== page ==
Either you're a CrossFit convert or a hater. What is it about this workout trend that seems to spark a heated debate in even your most sloth-y of pals? Is it the high amount of injury or the huge egos that come with knowing the difference between "WOD" and "RX"?
What is CrossFit? Since it's inception in 2000, CrossFit, Inc. has been promoted as an exercise philosophy and also a competitive fitness sport. A typical WOD (Workout of the Day) combines high-intensity interval training, Olympic weightlifting, gymnastics, and powerlifting. Over 10,000 people across the nation hit their local box (CrossFit gym) for a workout they can't get anywhere else. But is CrossFit bad for you?
Fans of CrossFit rave about the changes they've seen not only in their body, but also in their minds and way of life. CrossFit critics fear that the program is too intense, and that the benefits do not outweigh the risks: extreme soreness, serious injury, and potential loss of limbs. The worst CrossFit injuries can even lead to death.Throw on your CrossFit gear, and check out our list of CrossFit training horror stories. Then let us know which one is the most horrifying. Is it the weird, cult-like people who attend CrossFit? Or the muscle-melting risk of Rhabdomyolysis? You decide.
After an intense CrossFit workout in which she pushed herself to the limit, one physical therapist couldn't reach her mouth with her arms to brush her teeth. Average soreness? No. Twenty-four hours later, she sought medical attention and was diagnosed with acute rhabdomyolysis, which is when your muscle cells explode and your muscles basically melt inside your body. This can cause death.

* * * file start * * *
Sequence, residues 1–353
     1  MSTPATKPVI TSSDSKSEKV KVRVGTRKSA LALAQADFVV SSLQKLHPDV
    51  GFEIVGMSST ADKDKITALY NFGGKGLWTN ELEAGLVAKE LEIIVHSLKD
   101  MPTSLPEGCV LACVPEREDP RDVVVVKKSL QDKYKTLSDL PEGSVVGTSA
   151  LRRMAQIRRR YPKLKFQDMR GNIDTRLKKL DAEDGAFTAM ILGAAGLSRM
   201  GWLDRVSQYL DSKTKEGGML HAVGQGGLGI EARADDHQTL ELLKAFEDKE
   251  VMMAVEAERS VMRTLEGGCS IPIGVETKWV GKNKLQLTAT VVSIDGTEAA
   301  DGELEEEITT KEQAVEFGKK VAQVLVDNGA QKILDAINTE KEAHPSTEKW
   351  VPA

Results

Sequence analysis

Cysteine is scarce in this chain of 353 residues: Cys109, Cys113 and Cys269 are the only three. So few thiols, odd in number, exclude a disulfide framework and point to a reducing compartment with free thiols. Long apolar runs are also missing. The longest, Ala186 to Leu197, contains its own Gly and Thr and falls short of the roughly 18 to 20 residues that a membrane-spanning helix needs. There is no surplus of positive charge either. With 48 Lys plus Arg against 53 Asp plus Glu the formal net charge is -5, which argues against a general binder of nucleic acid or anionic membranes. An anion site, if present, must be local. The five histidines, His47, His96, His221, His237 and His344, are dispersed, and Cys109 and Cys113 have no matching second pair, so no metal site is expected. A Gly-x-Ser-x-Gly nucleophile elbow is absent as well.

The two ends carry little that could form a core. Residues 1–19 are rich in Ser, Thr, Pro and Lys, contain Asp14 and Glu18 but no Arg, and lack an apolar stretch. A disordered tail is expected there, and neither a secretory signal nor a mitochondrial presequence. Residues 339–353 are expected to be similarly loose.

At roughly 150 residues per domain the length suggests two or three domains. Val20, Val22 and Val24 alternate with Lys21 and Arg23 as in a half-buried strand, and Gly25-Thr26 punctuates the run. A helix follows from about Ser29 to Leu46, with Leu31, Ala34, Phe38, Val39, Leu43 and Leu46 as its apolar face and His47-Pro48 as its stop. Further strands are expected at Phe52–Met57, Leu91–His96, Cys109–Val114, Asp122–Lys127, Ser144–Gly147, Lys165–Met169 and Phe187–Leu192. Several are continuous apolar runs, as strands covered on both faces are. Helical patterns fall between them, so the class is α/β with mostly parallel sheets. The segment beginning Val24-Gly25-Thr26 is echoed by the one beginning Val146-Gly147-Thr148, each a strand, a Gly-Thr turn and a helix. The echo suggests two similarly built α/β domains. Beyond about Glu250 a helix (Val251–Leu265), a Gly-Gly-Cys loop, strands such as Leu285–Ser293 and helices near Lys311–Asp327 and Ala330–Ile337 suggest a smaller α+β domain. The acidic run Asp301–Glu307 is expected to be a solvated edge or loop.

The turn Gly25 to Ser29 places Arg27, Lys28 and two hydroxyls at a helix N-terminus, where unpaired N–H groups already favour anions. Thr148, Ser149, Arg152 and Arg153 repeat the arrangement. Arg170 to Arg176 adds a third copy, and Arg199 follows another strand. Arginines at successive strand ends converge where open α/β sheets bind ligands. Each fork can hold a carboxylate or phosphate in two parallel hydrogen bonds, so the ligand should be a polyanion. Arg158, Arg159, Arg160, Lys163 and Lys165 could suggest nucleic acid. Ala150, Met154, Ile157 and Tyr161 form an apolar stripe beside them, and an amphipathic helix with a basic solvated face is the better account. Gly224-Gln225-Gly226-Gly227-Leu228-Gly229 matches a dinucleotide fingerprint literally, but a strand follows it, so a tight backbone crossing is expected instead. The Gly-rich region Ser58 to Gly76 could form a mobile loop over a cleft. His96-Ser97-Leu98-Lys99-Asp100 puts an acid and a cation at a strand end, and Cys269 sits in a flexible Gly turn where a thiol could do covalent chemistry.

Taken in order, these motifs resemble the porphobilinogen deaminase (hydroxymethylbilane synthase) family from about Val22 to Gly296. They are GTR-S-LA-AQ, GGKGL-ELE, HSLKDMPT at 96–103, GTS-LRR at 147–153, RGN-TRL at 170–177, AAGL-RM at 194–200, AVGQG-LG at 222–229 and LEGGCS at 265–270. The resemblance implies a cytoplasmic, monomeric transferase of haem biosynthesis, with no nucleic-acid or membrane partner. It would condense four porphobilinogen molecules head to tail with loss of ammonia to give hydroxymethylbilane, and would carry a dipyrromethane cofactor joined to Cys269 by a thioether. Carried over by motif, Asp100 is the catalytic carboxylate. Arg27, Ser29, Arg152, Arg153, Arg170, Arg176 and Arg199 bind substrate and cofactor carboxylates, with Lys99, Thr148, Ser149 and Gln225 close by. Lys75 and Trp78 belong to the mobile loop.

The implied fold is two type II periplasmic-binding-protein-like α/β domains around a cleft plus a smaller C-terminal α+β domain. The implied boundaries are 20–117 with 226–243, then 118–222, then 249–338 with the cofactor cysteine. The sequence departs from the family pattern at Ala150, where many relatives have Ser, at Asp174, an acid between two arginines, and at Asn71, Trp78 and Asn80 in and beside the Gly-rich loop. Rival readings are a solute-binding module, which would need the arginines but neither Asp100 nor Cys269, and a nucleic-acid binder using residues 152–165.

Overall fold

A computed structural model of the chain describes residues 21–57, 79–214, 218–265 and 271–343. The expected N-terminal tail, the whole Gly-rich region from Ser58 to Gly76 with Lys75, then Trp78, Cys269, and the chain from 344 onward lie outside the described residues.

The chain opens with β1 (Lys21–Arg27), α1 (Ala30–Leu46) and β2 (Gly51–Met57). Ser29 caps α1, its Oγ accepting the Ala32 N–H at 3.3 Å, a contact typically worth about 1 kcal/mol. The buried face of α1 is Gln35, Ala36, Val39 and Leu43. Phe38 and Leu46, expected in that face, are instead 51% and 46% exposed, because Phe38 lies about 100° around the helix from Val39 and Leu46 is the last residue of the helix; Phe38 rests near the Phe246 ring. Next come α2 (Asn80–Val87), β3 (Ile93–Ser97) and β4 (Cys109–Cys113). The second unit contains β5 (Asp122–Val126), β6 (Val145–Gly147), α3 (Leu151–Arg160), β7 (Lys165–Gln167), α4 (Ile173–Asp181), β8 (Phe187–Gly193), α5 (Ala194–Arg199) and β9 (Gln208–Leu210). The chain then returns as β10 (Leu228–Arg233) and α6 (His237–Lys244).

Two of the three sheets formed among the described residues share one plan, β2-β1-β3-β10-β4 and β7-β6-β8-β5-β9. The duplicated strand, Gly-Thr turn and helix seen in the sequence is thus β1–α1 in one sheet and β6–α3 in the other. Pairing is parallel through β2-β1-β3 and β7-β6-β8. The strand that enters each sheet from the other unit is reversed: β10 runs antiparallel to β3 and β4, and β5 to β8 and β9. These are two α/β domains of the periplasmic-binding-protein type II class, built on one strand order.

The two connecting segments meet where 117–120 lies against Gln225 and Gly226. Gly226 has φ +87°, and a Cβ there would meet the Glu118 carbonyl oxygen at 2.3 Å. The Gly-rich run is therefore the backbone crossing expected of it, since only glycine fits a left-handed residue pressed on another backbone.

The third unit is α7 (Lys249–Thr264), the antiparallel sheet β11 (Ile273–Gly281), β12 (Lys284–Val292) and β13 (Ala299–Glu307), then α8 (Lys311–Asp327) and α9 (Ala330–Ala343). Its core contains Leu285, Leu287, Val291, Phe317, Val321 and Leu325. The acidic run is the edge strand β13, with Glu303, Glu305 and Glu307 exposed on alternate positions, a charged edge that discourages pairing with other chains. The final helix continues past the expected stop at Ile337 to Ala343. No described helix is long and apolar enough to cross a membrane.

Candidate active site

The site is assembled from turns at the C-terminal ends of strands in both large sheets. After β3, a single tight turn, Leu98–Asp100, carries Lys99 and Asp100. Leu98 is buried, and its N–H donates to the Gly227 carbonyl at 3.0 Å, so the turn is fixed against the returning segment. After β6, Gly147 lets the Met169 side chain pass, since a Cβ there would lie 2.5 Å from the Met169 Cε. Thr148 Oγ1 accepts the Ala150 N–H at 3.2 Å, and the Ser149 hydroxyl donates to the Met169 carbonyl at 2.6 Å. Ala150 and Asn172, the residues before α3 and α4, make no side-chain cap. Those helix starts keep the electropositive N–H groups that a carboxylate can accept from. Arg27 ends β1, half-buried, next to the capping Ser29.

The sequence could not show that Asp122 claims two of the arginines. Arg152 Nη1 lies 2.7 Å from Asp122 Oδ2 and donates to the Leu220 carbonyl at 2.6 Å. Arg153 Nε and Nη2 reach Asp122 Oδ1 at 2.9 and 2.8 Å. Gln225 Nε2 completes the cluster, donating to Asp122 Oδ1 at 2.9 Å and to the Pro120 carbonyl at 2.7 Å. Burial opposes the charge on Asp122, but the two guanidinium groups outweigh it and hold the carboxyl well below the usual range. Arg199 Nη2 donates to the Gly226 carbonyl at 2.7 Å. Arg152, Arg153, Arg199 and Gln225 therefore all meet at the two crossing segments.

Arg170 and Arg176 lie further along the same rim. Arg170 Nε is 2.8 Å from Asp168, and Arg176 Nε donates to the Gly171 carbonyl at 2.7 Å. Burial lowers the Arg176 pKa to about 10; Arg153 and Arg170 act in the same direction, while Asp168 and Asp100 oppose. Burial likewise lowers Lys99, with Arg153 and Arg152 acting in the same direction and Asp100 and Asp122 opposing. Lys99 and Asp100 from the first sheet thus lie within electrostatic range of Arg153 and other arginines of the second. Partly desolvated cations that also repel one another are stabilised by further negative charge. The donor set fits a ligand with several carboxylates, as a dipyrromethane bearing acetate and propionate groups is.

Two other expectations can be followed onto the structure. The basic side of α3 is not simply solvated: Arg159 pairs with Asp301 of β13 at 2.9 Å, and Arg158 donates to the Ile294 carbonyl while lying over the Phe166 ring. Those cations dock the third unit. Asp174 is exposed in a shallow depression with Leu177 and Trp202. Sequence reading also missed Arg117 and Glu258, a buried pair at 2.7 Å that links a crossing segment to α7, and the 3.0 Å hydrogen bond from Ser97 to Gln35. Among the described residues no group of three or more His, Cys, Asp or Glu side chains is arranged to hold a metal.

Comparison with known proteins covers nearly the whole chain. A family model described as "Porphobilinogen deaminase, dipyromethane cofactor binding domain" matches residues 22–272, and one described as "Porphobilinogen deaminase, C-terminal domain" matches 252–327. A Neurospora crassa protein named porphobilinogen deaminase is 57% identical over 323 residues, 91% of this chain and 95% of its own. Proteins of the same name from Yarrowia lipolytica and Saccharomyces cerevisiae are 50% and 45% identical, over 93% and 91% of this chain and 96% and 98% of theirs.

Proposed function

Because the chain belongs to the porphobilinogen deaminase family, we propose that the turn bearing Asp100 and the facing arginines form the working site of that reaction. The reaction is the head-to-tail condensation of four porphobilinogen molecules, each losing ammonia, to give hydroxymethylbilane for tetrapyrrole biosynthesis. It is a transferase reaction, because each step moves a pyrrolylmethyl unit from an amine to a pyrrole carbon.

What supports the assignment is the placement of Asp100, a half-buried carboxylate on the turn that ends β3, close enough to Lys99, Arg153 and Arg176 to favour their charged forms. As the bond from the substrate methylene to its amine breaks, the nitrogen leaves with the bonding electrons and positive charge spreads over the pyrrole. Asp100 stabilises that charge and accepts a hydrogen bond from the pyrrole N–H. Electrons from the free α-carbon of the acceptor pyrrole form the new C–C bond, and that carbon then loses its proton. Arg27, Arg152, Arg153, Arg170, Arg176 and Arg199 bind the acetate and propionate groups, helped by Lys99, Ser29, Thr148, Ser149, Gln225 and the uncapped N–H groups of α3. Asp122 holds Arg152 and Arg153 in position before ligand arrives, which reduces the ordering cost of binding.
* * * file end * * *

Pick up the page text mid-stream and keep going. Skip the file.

CrossFit competitor Kevin Ogar was participating in a CrossFit competition when he sustained a massive injury brought on by the ridiculously challenging routine. According to reports, "on Event #8, he was snatching 235 lbs for the touch and go triple snatch. On the first rep he caught the weight with a bent elbow and tried to lock it out while standing up. It started to fail, and falling backwards, he tried to dump the bar. Unfortunately, there was a stack of weights behind him so Kevin and the bar both bounced off the plates which struck him in the back."Ogar severed his spinal cord and was unable to move his legs after the competition. With no health insurance and a gruesome injury, his road to recovery is a long one. Even though it was a freak accident, it was made worse by the fact that there was no ambulance on standby during the dangerous event, and by poor safety planning regarding the placement of the stack of weights near the lifting area.
Hemorrhoids are often caused by straining. You know what causes straining? Lifting lots of weights during CrossFit workouts. Hemorrhoids are painful at the best of times – so imagine what happens when they burst.
That was the nightmare faced by Andy Petranek in 2010. His over-the-top training regimen for the CrossFit Games left him with a ruptured hemorrhoid. As he put it, "CrossFit had become my life's obsession. But it wasn't making my life better."
CrossFit coaches are able get their certification in a weekend, which means it doesn't take a lot of education to be a coach. Your fitness leader may look buff, but have no idea how to instruct proper form or determine what amount of weight might be too much for someone. CrossFit is already a strenuous and high intensity program. This just sets you up for more injury because your newly "trained" coach might not know to keep you safe.